Clean teeth reduce pneumonia risk?

Regular brushing is a good idea even without this half-baked study.

The Times of India reports,

Scientists from the Yale University School of Medicine found changes in mouth bacteria preceded the development of the inflammatory lung condition in hospital patients.

The team followed 37 subjects over a month. They found patients on ventilators who developed pneumonia had experienced a significant shift in the ‘bacterial composition’ in their mouths beforehand.

“Our findings may improve the way we prevent pneumonia in the future by maintaining the bacteria which live within our mouths,” the Daily Mail quoted lead author Dr Samit Joshi as telling ELS Global Medical News.

Although further research is required, the British Dental Foundation said the latest study is not the first to associate poor oral health with respiratory diseases.

Bacterial chest infections are thought to be caused by breathing in fine droplets from the throat and mouth into the lungs and earlier studies suggested people were more likely to die from pneumonia if they had higher numbers of deep gum pockets.

Nigel Carter, chief executive of the British Dental Health Foundation, said the latest research backed their findings that looking after your teeth boost your overall health.

“During the winter months we’re all susceptible to colds, coughs and chesty viruses due to the drop in temperature,” said Dr Carter.

“What people must remember, particularly those highlighted as vulnerable, is that prevention can be very basic. Systemic links between gum disease and overall health have been well documented, and at this time of year keeping up good oral health can really help stave off illness,” he stated.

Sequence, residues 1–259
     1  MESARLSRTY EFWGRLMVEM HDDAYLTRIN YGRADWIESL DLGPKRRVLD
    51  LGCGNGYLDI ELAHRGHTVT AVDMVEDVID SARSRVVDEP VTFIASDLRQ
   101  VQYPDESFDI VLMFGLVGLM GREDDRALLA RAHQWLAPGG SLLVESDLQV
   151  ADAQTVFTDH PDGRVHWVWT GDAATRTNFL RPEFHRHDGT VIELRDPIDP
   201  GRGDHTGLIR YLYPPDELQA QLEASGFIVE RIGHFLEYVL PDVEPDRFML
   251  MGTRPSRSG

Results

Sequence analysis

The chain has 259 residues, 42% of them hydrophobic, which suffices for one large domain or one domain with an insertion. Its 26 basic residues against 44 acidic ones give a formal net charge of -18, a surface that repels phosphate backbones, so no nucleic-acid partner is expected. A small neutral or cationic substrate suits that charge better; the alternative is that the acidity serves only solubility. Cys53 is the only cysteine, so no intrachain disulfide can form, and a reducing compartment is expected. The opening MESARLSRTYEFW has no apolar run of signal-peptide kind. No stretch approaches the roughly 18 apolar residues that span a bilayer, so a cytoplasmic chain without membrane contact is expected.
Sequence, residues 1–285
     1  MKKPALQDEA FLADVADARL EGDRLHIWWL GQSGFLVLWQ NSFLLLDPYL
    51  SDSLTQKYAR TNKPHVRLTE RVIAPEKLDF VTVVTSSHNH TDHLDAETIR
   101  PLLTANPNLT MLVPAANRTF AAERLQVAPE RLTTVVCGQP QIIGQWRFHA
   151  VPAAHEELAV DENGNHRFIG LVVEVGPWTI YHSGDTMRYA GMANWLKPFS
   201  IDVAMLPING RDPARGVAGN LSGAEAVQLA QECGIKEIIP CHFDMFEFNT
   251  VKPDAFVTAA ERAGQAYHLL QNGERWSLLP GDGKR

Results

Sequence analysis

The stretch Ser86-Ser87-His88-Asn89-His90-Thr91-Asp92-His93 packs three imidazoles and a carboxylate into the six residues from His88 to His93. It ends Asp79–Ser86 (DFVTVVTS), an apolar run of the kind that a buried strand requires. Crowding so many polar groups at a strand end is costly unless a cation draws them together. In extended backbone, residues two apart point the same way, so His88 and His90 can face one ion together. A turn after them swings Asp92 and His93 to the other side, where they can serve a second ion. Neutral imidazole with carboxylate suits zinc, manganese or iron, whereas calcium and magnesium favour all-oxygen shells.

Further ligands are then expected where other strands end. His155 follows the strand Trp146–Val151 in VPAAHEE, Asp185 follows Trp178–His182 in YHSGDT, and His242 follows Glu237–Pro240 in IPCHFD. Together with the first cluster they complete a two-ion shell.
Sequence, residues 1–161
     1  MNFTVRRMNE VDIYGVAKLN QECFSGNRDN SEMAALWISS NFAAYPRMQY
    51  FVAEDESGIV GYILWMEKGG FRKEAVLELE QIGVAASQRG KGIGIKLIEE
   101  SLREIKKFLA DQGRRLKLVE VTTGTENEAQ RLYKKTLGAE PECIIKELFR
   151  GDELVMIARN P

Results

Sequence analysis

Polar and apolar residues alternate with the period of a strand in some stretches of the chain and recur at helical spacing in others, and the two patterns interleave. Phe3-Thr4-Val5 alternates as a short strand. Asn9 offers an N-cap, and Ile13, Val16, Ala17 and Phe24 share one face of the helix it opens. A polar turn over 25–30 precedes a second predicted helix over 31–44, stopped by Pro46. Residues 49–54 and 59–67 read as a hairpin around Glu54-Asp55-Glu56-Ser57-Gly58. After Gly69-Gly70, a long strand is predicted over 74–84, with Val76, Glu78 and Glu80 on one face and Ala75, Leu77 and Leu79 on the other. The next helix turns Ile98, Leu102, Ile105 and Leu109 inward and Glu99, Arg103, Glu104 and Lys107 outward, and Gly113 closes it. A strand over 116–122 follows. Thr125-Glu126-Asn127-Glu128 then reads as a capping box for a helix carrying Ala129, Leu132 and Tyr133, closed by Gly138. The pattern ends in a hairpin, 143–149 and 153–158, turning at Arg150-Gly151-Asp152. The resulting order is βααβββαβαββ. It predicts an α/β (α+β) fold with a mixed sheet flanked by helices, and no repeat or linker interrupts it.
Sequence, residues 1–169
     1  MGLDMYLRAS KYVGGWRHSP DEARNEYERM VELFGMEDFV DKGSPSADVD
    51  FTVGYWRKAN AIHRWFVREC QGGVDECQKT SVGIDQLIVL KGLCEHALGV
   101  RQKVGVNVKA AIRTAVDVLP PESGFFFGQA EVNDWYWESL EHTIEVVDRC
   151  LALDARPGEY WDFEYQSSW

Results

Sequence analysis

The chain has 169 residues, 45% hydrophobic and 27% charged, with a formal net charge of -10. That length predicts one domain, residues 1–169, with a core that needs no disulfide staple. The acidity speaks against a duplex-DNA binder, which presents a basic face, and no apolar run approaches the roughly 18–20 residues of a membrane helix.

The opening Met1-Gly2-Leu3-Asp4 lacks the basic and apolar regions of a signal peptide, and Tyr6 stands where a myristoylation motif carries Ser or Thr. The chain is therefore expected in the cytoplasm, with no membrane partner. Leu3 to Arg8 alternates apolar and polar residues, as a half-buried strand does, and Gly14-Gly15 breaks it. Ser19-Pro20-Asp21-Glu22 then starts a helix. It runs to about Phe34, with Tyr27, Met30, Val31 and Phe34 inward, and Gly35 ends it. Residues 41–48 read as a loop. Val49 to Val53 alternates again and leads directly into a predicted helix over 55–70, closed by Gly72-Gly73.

He added that dentists recommended brushing teeth for two minutes twice a day using a fluoride toothpaste, cleaning in between teeth daily with interdental brushes or floss and avoiding sugary foods.

Dr Johsi”s research was presented at the Infectious Diseases Society of America annual meeting in Boston.

6 thoughts on “Clean teeth reduce pneumonia risk?”

  1. It all depends on the type of bacteria that are “causing” the pneumonia. If periodontal pathogens then one would expect that the worsened oral hygiene while on a ventilator would result in gingivitis and then periodontitis, which then causes the lung problem. The debilitated state of the patient with pneumonia would not cause periodontitis although it might be a cofactor in lessening the immune resistance of the patient.

  2. They already proved years ago that mouth care in patients on ventilators decreases the incidence of ICU pneumonia, so this actually makes sense to me.

  3. Pardon my ignorance, but is it possible that the change in bacterial composition could be a symptom rather than the cause of pneumonia?

  4. I don’t know about this study but there are others that establish possible links between periodontal disease and pneumonia. In addition, there are many studies linking periodontal pathogens to cardiovascular disease and also premature babies. The previous out of vogue theory of focal infection is being proven to be correct.

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